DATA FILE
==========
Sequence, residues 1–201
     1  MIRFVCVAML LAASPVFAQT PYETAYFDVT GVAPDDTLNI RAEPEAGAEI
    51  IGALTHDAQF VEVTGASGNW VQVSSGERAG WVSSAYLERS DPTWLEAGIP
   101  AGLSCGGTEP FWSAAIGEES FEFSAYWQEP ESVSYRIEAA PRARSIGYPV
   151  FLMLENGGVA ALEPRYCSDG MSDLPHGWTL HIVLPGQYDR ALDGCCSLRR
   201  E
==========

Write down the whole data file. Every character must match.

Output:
Sequence, residues 1–201
     1  MIRFVCVAML LAASPVFAQT PYETAYFDVT GVAPDDTLNI RAEPEAGAEI
    51  IGALTHDAQF VEVTGASGNW VQVSSGERAG WVSSAYLERS DPTWLEAGIP
   101  AGLSCGGTEP FWSAAIGEES FEFSAYWQEP ESVSYRIEAA PRARSIGYPV
   151  FLMLENGGVA ALEPRYCSDG MSDLPHGWTL HIVLPGQYDR ALDGCCSLRR
   201  E